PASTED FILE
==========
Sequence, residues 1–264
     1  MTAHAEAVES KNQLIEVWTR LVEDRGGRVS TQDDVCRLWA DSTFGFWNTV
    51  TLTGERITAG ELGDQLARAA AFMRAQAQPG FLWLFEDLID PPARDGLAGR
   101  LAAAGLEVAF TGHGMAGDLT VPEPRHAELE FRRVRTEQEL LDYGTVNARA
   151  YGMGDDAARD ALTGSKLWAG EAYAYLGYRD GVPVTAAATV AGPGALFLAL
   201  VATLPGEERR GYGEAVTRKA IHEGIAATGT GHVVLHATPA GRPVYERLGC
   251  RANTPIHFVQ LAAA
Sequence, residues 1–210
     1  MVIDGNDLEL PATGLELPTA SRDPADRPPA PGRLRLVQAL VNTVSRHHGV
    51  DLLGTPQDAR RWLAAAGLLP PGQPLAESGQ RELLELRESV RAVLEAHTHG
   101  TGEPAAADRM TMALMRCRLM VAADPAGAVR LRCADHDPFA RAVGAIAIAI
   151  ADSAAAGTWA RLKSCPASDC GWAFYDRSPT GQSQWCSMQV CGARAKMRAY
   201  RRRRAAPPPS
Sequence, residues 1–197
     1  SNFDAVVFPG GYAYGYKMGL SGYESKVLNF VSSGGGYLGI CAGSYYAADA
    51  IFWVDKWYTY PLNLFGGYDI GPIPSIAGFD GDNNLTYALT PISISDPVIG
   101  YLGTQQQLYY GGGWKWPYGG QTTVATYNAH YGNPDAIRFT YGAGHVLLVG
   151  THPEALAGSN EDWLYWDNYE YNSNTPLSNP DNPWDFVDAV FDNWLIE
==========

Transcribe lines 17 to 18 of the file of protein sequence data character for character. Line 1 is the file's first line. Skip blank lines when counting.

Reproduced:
   101  YLGTQQQLYY GGGWKWPYGG QTTVATYNAH YGNPDAIRFT YGAGHVLLVG
   151  THPEALAGSN EDWLYWDNYE YNSNTPLSNP DNPWDFVDAV FDNWLIE